• Flexible and remote working are more important than financial benefit.
  • Flexible working has gone up 91 per cent this year (for men and women) in PR.
  • Remote working has gone up 20 per cent in one year.

So, we must move with the times and find a middle ground, starting with embracing the hybrid work model with new openness.

Hybrid model will differ from office to office. Regardless of how it is executed, organisations must exercise empathy and listen to employees’ feedback and then incorporate them in their decision-making. 

The pandemic has been a trying time for us all, especially on the psychological level. How should organisations prepare themselves for the next year?

The pandemic has put greater emphasis than ever on the well-being of our workforce. Mental health has emerged as one of the key subjects in discussions around employee welfare. And really, we’d be foolhardy to ignore this much-needed conversation. Take the recent trend of the Great Resignation. The top reasons cited for people leaving include excessive workload, toxic culture, lack of recognition, inequitable work-life balance and unfair treatment, which means, employees today will no longer lay low and tolerate sub-par working conditions.

If organisations want to retain talent and expect them to be sincere and committed, they must prioritise creating work environments that make them feel seen, heard and recognised. According to The Bravery Mandate, WE’s 2021 Brands in Motion Report, respondents have rated employee well-being and personal needs (physical, mental and financial) as the most important issues.

It is our responsibility to equip our employees with tools and resources to protect their mental health. This can be done in the following ways:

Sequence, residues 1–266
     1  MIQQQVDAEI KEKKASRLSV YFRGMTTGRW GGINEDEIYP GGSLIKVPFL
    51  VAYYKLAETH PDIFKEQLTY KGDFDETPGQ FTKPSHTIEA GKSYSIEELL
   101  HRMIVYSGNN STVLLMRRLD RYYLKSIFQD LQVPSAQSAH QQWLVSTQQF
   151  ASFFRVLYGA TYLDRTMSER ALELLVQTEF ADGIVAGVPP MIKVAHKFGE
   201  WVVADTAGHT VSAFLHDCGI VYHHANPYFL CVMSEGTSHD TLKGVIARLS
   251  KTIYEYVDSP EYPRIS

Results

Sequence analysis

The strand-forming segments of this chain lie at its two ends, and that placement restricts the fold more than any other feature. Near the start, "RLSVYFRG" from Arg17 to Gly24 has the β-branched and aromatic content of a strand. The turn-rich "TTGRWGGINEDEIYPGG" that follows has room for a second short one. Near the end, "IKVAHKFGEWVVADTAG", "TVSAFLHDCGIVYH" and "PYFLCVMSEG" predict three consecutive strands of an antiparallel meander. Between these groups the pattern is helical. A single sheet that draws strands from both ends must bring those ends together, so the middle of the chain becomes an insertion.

• Conduct regular employer surveys to detect and understand current mental health problems in the organisation. During the pandemic, we had conducted several surveys which had specific questions on mental health that helped us gauge the problems faced by our people.
  • Drive awareness and action on mental health by encouraging people to openly talk about mental health and back up that talk with action. For example, my firm launched a #WECare initiative a couple of years back to protect people’s mental and physical health. As part of this programme, we host webinars with mental health experts and encourage our people to discuss about their problems.
  • Make mental health services more accessible to employees. Here again, I will give another example from my firm. We launched an Employee Assistance Program to provide counselling services to The programme includes a Mental Well-Being Support Helpline and free access to professionally crafted resources such as open webinars, reading material, to name a few.
  • Strive for work-life balance. I know that sounds impossible in the PR industry, but whenever possible, we have to push back on unrealistic demands and deadlines.

The content in this section is curated by the PR and Communications team. For any feedback kindly write to karan.bhatia@exchange4media.com.